Open SuSE 10.3 on 64 Bit Systems

Date: 10/6/07


This article describes how to set up SuSE 10.3 on a 64 bit motherboard system.

System Specifications:

Biostar K8M800 Motherboard (includes VIA 8237 with ALC655 onboard sound and VIA VT-6420 sata controller)
Athlon 64 3200+ processor
2 GIG DDR memory
Viewsonic VA902B 19 inch LCD monitor
GeForce MX4000 video card
D-Link DWL-G650 (rev B) wirelesss network card (Atheros)
Western Digital WDC WD3200JD-00K sata hard drive
Seagate ST3120022A IDE drive
HDS724040KLSA80 sata drive
Maxtor 6B250S0 sata hard drive
Sony DVD RW DRU-810A Burner
ZIP 250 drive
HP OfficeJet All-In-One 6210


I downloaded the installation CD for SuSE 10.3 and rather than burn it to CD-R media, did an installation from the hard drive using Grub from my previous installation of Fedora Core 5. The instructions for this method can be found in the referenced article below. 1

Because I have a multiple OS system consisting of Windows XP and various Linux distros, at the initial Summary screen, I elected to partition my drive using expert mode. I had previously formatted a partition on one of my sata drives for installing SuSE. After choosing to make my pre-formatted partition the root for SuSE, I also elected not to have a bootloader installed, as I have a complex booting system for my other operating systems. I went on.

Being a Linux junkie, I elected to manually chose packages to install. I knew that I would need the kernel source. Additionally, I chose to install the 32 bit libraries and Gnome development libraries, as I knew that I might need these later on.  I then elected to see what SuSE would provide for me with a normal installation. When all was done, a hefty 4.0 gigs was used on my allocated partition of 21 gigs.

The initial installation screen stated that the installation would take about 45 minutes. The packages all installed in about 1 hour and 35 minutes. This was expected, as I was installing from the 1 CD installation disk and all the correct packages needed to be downloaded from the repositories.

On reboot, SuSE complained that it could not start the graphical interface, either because the monitor and video care were not configured, or packages were missing to start the graphical interface. SuSE then defaults to the non-graphical interface for the remainder of the installation. This problem is a headache for Linux newbies and occurred in all my previous installations of SuSE. I was able to use YaST to configure the monitor and video card and rebooted.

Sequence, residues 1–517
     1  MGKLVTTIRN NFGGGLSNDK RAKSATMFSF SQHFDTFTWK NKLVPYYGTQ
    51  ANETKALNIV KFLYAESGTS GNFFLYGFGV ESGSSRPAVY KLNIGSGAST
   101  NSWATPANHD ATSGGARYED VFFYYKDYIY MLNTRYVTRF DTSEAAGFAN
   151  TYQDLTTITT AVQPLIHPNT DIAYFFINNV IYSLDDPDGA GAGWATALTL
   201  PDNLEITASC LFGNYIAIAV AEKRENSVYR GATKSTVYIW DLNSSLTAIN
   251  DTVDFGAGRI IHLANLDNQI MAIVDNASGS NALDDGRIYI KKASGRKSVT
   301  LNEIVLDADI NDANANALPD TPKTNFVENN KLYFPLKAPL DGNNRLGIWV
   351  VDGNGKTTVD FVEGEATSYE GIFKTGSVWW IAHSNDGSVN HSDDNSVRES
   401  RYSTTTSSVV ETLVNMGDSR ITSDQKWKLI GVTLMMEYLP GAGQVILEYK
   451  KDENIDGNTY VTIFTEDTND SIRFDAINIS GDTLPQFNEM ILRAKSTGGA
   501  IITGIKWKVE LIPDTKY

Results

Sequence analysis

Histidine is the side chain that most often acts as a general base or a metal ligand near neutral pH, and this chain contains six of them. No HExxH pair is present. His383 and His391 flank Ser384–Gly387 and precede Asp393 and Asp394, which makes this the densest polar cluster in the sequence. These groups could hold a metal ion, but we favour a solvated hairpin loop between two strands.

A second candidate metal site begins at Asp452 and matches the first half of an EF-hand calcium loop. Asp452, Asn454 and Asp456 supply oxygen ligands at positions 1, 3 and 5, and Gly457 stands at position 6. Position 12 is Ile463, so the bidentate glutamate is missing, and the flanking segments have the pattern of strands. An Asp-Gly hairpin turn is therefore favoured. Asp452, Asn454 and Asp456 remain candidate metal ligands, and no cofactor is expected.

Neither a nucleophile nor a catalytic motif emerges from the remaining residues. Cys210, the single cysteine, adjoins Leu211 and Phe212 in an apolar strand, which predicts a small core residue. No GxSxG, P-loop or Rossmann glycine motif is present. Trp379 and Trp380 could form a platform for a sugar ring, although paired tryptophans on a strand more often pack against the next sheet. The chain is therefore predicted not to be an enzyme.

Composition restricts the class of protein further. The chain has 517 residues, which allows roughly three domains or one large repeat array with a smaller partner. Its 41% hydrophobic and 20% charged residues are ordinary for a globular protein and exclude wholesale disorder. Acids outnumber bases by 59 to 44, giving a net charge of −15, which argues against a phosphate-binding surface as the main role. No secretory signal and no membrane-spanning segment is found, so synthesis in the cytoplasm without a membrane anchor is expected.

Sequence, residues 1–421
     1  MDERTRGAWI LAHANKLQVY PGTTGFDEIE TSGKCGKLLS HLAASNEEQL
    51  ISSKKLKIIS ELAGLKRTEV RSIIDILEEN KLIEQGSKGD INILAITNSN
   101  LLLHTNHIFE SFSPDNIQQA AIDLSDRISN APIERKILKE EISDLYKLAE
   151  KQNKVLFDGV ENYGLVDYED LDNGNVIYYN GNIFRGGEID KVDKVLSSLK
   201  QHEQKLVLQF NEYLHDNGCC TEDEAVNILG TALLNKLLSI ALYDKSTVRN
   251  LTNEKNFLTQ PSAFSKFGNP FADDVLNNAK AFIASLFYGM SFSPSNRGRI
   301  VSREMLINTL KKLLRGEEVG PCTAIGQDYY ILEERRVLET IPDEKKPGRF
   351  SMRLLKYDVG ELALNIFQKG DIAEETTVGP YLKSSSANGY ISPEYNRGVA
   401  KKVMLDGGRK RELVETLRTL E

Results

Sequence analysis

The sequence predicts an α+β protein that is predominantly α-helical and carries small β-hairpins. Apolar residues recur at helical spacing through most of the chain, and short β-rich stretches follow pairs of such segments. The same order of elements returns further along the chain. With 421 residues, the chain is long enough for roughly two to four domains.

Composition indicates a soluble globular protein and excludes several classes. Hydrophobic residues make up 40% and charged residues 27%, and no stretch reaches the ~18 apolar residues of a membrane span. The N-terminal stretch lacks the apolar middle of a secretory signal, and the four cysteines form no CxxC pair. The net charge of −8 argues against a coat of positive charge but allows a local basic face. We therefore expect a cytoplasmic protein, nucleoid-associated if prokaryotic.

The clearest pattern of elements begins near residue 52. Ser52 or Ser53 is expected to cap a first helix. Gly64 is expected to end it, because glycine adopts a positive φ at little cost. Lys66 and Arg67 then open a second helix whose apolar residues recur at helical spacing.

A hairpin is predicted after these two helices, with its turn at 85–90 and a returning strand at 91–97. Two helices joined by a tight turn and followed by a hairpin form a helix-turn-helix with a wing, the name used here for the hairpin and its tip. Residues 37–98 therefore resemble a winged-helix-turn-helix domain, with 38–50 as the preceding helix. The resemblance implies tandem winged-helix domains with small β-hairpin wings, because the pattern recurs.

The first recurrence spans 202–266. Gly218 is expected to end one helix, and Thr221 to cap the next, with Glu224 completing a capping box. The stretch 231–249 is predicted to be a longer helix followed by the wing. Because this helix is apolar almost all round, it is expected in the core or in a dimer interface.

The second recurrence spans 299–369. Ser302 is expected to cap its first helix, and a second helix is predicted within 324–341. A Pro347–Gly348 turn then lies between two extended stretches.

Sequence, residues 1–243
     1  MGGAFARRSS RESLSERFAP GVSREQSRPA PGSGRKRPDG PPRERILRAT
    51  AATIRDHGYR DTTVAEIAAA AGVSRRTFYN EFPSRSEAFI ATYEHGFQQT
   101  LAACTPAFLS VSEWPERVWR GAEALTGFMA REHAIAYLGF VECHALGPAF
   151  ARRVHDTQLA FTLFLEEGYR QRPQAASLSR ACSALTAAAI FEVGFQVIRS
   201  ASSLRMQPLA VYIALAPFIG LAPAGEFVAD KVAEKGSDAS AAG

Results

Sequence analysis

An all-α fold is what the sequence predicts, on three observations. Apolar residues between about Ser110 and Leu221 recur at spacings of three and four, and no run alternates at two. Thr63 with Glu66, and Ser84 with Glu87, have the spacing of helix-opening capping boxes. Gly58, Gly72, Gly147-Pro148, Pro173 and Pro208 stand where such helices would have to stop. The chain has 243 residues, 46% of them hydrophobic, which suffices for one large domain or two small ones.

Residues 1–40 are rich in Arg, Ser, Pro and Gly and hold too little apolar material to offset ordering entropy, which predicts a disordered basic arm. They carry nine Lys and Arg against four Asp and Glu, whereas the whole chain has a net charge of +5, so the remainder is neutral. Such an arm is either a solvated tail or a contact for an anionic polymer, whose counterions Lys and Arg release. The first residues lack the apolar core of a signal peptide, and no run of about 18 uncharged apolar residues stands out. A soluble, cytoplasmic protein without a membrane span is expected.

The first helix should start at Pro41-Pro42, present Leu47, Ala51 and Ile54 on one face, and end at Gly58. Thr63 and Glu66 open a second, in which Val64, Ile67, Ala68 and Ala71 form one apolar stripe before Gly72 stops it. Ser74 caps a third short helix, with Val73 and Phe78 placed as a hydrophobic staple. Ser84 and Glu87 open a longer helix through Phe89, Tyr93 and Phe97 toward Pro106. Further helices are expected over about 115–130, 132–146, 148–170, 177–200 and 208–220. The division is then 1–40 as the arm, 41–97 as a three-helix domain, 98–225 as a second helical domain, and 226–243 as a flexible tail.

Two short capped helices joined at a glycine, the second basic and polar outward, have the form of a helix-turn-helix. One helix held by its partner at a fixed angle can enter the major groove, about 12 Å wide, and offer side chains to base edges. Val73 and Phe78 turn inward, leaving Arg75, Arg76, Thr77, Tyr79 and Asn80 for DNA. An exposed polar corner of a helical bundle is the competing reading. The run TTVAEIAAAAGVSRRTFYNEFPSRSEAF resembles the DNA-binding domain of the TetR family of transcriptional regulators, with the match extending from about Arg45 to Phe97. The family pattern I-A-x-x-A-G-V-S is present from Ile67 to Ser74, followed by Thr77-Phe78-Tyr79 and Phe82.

I fudged my way through the rest of the installation. During the hardware configuration phase, my wired onboard network interface was see (via-rhine) but not my wirelesss card.


The default desktop system is Gnome. I used to be a KDE fan, but have become quite comfortable with Gnome. The new Gnome desktop is free from clutter and packs all of the programs and utilities under the taskbar "Computer" tab.


Networking: The first order of business was to get my wireless card working. YaST did not see the card, but it was reported correctly using the lspci command. I installed the Madwifi package using YaST, but had no recognition of the wireless interface. To the rescue, the additional YaST repositories. 2 Once the kernel drivers were installed, I could configure wireless using YaST easily.

Video: The second task, install the NVIDIA graphics drivers. You can use 1-Click-Install in openSUSE 10.3 for this task. See the additional repository link. 2 All the changes are automatically made in the process. NICE!

Printing and Scanning: Setting up printing was a breeze through YaST. SuSE uses the HP hplip package to use the scanner through CUPS.

Scanning was a different story. YaST failed to set up the scanner properly, except for root user. After much fiddling, I was able to set the permissions correctly for the libusb interface, which is located in /dev/bus/usb in SuSE. Most directions that I Googled showed the location at /proc/bus/usb. Once the permissions were set, I set the scanner up as a HP 6100 through YaST and hplio was finally set correctly in sane's /etc/sane.d/dll.conf file. This is a newbie's nightmare.

Software Packages:

Rather than labor over what default packages are in SuSE's new release, take a look at the Sneak preview on openSUSE's News Page. 3

Finally, let's try Wine. Remember the 32 bit libraries during the installation process? Let's not forget the NVU web authoring package to write this article.


1. Install any Linux distro directly from hard disk without burning any DVD

2. Additional YaST Package Repositories

 3. Sneak Peeks at openSUSE 10.3: SUSE-Polished GNOME 2.20